The Federal Government is partially on shutdown with President Donald Trump’s refusal to sign the 2019 budget without an appropriation for his border wall worth $5 billion. Some Americans are getting anxious whether there is time to actually get a tax refund. The problem really is not that great as long as the shutdown is lifted by the middle of January, which is actually when the Internal Revenue Service (IRS) actually starts its full-blown acceptance of tax returns.
But a delay in the processing of tax refunds is certainly not the biggest controversy boggling the IRS. Remember John Koskinen? He was the 48th commissioner of the Internal Revenue and had been facing one issue after another during his stint in federal government. Here are the top four controversies Koskinen had faced as IRS commissioner: 1
100,000 taxpayers affected in data breach perpetrated online
In 2017, Koskinen himself testified that identity thieves used a bug in the internal web-based tools of the IRS to file fraudulent tax returns. Over 100,000 taxpayers were believed to have had their data compromised. According to The Washington Times, the agency was able to issue $30 million worth of fraudulent tax returns representing about 8,000. Some 14,000 fake tax returns were also noted by IRS employees while another 52,000 filings were halted. But Koskinen basically dismissed the controversy saying that at least it was caught early on. The incident prompted members of the House Ways and Means Committee to declare that they have lost their trust and confidence on Koskinen and requested President Donald Trump to replace the embattled IRS commissioner.
Some employees found cheating on their taxes continued working
Between April and September 2016, about nine IRS employees were caught cheating on their taxes. However, most of them were allowed to keep their jobs, which rankled the public, especially those allied with the Republican Party. See, Koskinen was an appointee of President Barack Obama. But the issue went beyond politics. After all, the IRS is supposed to be the leader in terms of tax payments, instead, some of its employees chose to use their power and authority to do something uncharacteristic. Koskinen was found to have been the boss that mitigated the “punishment” under the justification that a larger percentage of the general population cheat on their taxes as well.
Millions of dollars for furniture?
In 2015, Koskinen asked for billions of additional budget for the following budget year. However, Republican Sen. Orrin Hatch, who was the chairman of the Senate Finance Committee, noted that the IRS, under Koskinen, didn’t know how to prioritize its budget. After all, records showed that it spent around $4 million in office furniture and $4.3 million in “market research.” The committee also found thousands of dollars spent on corporate giveaways including stuffed animals and wristbands.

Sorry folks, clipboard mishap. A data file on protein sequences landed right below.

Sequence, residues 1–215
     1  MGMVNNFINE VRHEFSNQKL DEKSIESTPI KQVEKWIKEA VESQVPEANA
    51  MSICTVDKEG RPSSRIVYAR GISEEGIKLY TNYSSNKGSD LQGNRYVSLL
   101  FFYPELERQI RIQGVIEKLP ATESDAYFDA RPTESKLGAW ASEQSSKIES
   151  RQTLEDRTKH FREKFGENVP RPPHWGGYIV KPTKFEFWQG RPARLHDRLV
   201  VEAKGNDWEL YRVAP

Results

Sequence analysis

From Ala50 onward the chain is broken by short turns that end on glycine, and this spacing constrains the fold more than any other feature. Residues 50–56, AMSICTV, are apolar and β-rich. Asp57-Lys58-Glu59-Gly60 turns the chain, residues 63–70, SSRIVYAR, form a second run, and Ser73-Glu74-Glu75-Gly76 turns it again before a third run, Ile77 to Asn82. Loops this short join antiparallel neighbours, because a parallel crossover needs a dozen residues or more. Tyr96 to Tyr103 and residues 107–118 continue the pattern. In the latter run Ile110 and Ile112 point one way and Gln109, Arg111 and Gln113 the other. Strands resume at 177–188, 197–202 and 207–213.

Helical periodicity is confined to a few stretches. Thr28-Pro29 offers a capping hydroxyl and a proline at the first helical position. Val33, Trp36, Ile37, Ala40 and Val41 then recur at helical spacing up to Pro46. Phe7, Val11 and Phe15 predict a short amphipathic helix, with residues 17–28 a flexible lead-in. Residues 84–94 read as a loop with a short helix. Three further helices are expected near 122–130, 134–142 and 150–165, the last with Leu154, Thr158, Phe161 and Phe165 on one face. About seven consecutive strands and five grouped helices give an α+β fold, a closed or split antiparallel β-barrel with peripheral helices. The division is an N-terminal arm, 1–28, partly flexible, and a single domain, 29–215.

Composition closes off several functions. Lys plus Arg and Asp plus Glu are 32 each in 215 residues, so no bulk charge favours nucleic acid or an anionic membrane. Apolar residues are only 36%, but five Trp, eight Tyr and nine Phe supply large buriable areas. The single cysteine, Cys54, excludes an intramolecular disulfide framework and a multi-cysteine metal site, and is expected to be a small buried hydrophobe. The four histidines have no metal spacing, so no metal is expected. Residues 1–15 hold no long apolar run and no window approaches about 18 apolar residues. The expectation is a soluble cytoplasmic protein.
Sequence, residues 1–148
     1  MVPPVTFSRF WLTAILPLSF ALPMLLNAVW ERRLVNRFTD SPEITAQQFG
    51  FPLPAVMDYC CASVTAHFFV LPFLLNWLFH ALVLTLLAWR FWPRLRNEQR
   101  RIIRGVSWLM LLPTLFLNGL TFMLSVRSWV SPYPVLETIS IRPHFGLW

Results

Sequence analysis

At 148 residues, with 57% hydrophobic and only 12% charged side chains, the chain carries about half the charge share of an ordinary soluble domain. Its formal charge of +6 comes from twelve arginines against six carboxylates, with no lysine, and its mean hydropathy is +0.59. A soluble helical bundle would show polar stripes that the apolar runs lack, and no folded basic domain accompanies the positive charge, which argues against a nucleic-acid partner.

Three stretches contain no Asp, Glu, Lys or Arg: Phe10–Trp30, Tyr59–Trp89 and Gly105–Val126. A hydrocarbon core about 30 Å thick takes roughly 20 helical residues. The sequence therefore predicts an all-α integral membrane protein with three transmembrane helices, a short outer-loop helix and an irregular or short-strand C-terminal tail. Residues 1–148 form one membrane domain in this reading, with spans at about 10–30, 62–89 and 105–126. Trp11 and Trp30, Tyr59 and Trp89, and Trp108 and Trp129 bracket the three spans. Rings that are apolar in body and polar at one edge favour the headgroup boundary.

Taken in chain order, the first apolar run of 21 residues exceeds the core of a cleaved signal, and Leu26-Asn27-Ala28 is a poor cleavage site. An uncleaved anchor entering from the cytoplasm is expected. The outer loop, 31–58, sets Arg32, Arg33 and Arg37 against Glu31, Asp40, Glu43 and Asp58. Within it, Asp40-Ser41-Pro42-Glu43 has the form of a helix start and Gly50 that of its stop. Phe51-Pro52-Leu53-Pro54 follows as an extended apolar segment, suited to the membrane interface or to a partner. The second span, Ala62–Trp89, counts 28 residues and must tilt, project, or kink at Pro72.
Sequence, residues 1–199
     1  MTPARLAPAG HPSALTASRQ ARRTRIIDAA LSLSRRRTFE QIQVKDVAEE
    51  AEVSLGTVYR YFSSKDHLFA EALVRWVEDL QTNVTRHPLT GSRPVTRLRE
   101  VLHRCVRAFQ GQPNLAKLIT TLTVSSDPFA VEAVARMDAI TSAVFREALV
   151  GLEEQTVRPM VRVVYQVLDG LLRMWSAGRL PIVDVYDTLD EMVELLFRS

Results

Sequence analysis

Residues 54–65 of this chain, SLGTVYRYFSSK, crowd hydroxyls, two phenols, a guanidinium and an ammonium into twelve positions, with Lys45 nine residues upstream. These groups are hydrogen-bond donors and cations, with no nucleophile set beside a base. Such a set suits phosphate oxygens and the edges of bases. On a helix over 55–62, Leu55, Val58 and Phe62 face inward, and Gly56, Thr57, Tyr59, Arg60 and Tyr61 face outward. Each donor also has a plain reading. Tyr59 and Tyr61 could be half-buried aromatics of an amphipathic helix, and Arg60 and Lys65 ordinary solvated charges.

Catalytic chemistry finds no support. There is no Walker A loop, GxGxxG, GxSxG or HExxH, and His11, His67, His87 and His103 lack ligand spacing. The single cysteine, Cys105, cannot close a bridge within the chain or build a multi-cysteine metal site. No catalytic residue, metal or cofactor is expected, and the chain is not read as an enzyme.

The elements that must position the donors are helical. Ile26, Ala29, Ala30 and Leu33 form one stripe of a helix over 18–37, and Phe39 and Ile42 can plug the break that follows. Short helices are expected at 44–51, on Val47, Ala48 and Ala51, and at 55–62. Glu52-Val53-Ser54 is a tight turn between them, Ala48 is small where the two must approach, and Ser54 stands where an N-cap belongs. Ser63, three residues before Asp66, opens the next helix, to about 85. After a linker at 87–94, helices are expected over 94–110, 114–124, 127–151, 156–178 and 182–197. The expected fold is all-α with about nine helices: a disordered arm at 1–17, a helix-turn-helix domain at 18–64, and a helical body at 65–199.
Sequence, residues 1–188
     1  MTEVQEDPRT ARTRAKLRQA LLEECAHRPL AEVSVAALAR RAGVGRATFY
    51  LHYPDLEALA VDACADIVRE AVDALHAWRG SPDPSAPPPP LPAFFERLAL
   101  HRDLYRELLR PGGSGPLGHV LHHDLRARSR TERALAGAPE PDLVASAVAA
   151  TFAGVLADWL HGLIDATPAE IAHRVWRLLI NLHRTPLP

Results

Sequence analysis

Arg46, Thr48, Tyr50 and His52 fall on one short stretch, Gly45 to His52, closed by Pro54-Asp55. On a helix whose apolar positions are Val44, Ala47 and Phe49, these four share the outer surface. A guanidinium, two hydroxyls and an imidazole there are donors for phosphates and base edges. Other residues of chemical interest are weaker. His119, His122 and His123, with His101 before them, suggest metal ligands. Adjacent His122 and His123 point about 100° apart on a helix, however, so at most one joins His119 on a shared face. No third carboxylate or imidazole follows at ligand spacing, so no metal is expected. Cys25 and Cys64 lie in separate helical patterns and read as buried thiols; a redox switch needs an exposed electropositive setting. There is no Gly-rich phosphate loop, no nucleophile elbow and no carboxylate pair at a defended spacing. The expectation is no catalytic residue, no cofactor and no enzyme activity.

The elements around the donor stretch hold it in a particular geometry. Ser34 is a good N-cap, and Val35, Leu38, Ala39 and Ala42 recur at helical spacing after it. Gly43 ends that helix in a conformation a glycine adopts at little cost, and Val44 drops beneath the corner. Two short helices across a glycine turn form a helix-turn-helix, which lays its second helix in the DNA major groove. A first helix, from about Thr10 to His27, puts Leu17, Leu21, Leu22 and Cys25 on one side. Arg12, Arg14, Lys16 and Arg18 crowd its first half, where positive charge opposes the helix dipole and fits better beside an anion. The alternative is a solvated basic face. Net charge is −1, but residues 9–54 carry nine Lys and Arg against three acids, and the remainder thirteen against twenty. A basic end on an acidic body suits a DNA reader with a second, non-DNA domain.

Hatch wrote Koskinen in 2015: “Since your agency continues to have problems prioritizing the use of its budget, which has reduced slightly in recent years after historic growth late in the last decade, I write to offer some courtesy suggestions on spending that might be curtailed. …I hope this is helpful in identifying additional areas of wasteful spending that might be better redirected elsewhere, such as helping taxpayers file their taxes.”
For his part, Koskinen claimed that the furniture was part of the reorganization implemented by the agency, which he claimed, would result in the IRS saving millions of dollars.
Bonus for incompetent IRS employees
Koskinen first rankled Republican elected officials in 2014 when it was learned that bonuses were given to IRS employees despite several mistakes made by the agency as a whole. For one, it was learned that the IRS targeted conservative groups that wanted to get non-profit accreditation. Their applications were delayed and questions for them bordered on the inappropriate. So why reward the agency for being inappropriate?
Even worse, some employees were found to have been remiss in the timely payment of their taxes or in the proper accounting of the taxes they were due to pay. The IRS expects the regular citizen to be honest and punctual in their taxes but there they were dilly-dallying on theirs.
Koskinen explained that it was just right that the people who police the taxes be given a reward. But critics, mostly Republican congressmen, said that regular Americans have been living for far less and were more deserving of a reward but to no avail.
Despite all these issues and controversies, Koskinen survived federal service and was able to leave his position by virtue of his term ending. It was a rocky four years but Koskinen saw the end of it. Whether he was good at his job or not, it is up to the American citizenry to judge. But there is no doubt that Koskinen is one resilient leader.